If you’re like most people, you start every day with a laundry list of tasks to accomplish. As the day progresses, you check items off and add more items on. Are you being productive, or are you just creating busy work? Review this checklist to find out.Read full content
1. Planning Meetings to Have More Meetings
Meetings can be awful. They rarely lead to any real progress and, more often than not, participants leave more confused than they were when they arrived. Having meetings is one thing, but having meetings to schedule more meetings is a waste of time. When you’re wasting time, you’re not being productive and you’re not getting work done.
You receive an email to review a project, or add further details to a document. What do you do? Many people waste an excessive amount of time over-editing. This is particularly the case with emails, documents and spreadsheets. It’s likely that these things will not be seen by the general public, so why are you wasting so much time dotting every “I” and crossing every “T”?
3. Piling on More Than You Can Handle
Bosses love to give their employees more work than they can handle. They do this because they want to feel like they’re getting their money’s worth. Nevermind the fact that you may be doing several people’s jobs for the price of one, and you’re hopped up on coffee all day just to keep up the pace. This is unproductive, because you do not get your best work done when you’re multitasking and splitting your focus between multiple projects and tasks at once.
4. Scheduling Tasks for Mundane Activities
Thanks to smartphones and reminder apps, it can be extremely easy to get caught up scheduling tasks for mundane activities, such as when to eat, when to call someone and when to send an email. Many people think this enables productivity, when in fact it just creates anxiety. When you waste time scheduling mundane tasks, you’re never at peace because your brain is constantly focused on the next item to check off. Your to-do list never ends, keeping you in a vicious cycle of busy work.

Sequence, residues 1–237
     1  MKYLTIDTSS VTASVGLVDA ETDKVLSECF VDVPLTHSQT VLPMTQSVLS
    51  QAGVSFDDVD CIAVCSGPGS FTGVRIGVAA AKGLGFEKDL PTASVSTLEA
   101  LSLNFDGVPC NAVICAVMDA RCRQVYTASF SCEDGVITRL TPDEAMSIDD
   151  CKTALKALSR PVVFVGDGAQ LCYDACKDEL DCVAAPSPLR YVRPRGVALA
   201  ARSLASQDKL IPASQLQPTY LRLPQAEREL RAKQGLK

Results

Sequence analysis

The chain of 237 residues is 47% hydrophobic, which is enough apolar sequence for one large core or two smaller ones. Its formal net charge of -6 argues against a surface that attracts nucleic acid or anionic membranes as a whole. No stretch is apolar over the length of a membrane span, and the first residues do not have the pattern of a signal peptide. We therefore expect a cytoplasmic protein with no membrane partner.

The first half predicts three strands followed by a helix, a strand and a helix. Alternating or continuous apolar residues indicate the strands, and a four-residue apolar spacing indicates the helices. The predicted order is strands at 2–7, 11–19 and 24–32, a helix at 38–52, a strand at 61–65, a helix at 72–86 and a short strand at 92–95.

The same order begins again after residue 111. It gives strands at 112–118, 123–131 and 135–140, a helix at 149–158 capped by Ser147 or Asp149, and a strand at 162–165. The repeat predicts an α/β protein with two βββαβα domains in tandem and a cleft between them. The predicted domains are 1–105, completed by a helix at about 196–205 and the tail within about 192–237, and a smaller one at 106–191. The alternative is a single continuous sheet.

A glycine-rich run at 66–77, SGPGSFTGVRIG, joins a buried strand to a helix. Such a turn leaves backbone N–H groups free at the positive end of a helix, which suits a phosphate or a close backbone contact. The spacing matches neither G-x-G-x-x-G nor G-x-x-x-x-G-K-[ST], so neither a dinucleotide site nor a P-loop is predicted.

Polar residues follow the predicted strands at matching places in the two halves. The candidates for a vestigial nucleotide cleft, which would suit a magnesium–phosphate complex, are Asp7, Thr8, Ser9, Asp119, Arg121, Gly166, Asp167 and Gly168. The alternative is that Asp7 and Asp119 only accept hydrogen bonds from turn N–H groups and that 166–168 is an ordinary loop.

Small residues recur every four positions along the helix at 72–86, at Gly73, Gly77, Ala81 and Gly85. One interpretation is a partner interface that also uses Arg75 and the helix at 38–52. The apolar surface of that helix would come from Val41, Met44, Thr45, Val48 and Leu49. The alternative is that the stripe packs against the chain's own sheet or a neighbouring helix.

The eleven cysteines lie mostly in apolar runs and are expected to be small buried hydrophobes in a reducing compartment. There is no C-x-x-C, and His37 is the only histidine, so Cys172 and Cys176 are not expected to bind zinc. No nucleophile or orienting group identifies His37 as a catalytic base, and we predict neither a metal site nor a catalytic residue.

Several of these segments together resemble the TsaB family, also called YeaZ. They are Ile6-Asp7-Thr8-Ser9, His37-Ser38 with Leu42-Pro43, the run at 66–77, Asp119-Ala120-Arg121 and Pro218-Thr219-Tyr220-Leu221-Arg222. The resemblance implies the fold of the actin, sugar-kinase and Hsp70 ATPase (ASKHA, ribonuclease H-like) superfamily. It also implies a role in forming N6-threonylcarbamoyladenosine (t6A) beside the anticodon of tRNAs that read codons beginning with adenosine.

5. Analysis Paralysis
How do you feel when you’ve completed a project or task? Do you move on to the next thing, or sit and dwell on the past? This is called analysis paralysis; the process of over analyzing work previously completed and mulling over the outcome. What do you do to feel better? You create busy work that’s somehow connected to work you’ve already completed. You hope that by creating supplementary components to the work you have done, you’ll redeem yourself if you fail. This is a waste of time and it is not productive. Stop doing this.
6. Email Overload
Managing email can feel like a scattered thunderstorm, because every so often you get drenched. It will go away and then come back again a few hours later. This is just the way things are and there’s nothing you can do about it. The problem occurs when you are glued to your inbox, anticipating the next pop up, alert, or incoming message. Answering e-mails can become busy work that distracts you from completing more important tasks.
7. Constantly Busy
Are you busy all the time? If so, you need to re-plan your day to find a balance. No one should be swamped all the time. People are sometimes overworked and underpaid. I understand that. You probably have a similar list of tasks to complete each day that consume most, if not all, of your workday. But, how much of what you do on a daily basis is actually necessary? How much of what you do is actual work, and how much of it is busy work? Identify the work you do that is meaningful and helps you reach your company’s objectives – omit everything else.
Featured photo credit: caffeinating, calculating, computerating/Ryan Ritchie via flickr.com
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